David Schapira: We really need to put a face on this. We're pulling out all the stops. Since October 1st this issue has been in play, really since last March. It took effect October 1st. We're kind of shocked that the Governor has not done something about this. We thought, although the national media has done a great job of covering this issue, we wanted to bring patients together and talk to the press face to face, so that people understand these are people's lives that are at stake. Here are the people.
Ted Simons: What kinds of transplants are no longer covered? All transplants? Some transplants? What are we talking about here?
David Schapira: Basically some of the ACCCHS coverage for some of these transplants that are vitally needed who are needed for people who – essentially life and death situations, they are not being covered by ACCCHS. We're talking about heart transplants, bone marrow transplants, liver transplants, what they call solid organ transplants are now not being covered by the ACCCHS program. Which amounts to about 90 people had already been approved and now will not receive those life-saving transplants.
Ted Simons: Some say we don’t have the money for it, we have to set limits, we’ve set the limits.
David Schapira: I don't know if there are some. I know of one who is saying we don't have the money for this and that's the Governor. I have not heard public comments from members of the legislature on either side of the aisle saying there isn't money for this, other than they obviously voted to cut this back in March. Even the Goldwater Institute, one of the most fiscally conservative groups in the state, has come out and said there is money for this, there needs to be money for this because this is a vitally important program.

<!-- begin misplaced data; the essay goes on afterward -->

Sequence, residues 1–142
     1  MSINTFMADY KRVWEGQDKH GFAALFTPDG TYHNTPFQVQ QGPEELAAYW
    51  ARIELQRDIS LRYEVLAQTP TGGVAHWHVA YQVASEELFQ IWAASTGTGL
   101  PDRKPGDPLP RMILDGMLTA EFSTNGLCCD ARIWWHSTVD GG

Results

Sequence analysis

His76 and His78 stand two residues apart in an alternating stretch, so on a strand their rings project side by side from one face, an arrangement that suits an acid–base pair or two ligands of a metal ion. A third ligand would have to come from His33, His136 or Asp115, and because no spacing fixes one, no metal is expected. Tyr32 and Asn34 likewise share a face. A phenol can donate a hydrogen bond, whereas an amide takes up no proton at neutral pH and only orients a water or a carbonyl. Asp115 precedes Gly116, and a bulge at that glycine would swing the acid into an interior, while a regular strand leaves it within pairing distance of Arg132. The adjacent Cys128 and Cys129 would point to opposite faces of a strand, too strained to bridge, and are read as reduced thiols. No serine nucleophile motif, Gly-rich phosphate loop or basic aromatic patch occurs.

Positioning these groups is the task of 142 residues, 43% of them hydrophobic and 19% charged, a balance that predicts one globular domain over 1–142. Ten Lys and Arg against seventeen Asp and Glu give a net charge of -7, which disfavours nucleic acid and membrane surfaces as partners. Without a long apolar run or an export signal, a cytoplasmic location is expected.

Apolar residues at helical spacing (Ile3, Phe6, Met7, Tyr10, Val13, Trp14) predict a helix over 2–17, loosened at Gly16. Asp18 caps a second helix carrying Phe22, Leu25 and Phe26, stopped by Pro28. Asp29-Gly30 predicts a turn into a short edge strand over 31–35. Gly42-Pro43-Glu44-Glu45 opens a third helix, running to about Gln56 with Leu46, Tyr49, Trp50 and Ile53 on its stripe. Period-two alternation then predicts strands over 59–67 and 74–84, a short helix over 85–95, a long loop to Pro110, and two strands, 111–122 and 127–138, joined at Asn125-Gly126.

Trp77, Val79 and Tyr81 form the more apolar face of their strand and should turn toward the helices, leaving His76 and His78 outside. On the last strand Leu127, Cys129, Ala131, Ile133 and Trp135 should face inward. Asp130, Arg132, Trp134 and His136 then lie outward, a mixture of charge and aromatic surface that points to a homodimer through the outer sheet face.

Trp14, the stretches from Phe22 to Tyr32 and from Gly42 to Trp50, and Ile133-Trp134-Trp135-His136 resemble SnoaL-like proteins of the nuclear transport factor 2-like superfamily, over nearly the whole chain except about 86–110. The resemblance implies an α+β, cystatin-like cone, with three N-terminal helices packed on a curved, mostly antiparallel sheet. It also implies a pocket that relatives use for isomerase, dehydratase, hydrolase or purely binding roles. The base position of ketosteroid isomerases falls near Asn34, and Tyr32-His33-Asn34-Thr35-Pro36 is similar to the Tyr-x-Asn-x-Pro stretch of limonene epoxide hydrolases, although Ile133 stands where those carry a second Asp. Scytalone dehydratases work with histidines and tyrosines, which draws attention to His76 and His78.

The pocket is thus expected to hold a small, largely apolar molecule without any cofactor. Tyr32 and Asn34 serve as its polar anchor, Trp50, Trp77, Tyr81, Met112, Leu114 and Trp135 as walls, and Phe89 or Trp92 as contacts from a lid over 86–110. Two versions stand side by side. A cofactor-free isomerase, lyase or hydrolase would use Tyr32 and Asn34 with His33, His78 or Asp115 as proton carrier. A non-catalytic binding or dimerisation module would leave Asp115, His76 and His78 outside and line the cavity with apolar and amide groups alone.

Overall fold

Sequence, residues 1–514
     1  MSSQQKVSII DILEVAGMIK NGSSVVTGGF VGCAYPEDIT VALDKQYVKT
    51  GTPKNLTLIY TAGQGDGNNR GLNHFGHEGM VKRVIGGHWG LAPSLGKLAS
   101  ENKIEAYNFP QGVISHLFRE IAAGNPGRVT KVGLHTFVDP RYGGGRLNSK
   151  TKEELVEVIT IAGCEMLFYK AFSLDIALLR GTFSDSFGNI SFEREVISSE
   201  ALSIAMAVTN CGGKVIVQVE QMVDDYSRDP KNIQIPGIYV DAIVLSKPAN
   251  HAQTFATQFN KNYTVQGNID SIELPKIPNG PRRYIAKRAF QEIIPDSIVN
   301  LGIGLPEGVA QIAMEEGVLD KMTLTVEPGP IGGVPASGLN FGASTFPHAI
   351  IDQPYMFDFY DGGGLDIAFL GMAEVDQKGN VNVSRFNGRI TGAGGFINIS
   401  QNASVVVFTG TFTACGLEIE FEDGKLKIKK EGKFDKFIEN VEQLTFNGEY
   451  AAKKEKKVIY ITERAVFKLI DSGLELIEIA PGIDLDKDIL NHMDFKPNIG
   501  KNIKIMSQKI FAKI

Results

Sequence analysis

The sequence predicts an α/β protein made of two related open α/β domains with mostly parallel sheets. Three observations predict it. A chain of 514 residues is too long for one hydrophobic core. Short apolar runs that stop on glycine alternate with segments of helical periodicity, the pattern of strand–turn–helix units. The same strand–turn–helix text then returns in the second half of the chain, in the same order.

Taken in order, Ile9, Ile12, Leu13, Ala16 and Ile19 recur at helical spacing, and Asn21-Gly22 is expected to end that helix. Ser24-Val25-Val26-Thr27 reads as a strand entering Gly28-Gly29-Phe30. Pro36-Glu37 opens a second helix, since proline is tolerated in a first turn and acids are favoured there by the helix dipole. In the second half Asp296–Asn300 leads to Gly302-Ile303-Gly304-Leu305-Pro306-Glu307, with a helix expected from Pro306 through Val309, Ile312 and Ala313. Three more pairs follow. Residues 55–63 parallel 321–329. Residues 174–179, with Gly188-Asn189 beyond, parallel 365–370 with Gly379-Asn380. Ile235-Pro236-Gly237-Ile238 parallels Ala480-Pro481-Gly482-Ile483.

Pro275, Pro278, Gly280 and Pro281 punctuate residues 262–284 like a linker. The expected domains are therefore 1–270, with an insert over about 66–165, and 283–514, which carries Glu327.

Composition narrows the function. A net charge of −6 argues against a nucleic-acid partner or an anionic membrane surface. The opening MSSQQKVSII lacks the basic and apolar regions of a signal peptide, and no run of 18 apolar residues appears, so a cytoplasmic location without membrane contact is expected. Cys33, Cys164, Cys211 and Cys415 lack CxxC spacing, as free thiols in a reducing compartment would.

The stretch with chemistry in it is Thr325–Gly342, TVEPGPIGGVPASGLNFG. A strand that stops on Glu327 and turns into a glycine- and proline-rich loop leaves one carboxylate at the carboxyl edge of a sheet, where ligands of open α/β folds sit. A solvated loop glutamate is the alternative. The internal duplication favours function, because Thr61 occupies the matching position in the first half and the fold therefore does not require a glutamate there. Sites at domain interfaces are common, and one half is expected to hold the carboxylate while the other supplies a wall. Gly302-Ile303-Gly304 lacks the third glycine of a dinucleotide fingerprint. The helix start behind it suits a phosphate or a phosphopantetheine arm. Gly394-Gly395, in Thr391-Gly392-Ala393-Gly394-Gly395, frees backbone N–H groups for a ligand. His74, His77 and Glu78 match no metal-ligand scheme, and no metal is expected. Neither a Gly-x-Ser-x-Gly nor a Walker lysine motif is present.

Ted Simons: There is a difference between there needs to be money for this and there is money for this. Where is the money for this?
David Schapira: First of all, the Governor has about $30 million in stimulus money that has yet to be publicly allocated. At this point, we're talking about a $1.4 million cost. If you take the average income of an American citizen, that equals about $7 of their income. I think any of us would be willing to spend $7 of our own money to save these people's lives. Let me just say, out of the $30 million she has in stimulus money to spend, there has to be money in there for this $1.4 million. Otherwise out of a budget that is billions of dollars we can find it.
Ted Simons: Her office says that money is spoken for. That's A. B, this is stimulus money designed to stimulate the economy. Some are saying helping out transplant patients, as noble as that cause might be, is not necessarily spending this money as to what it's designed to do.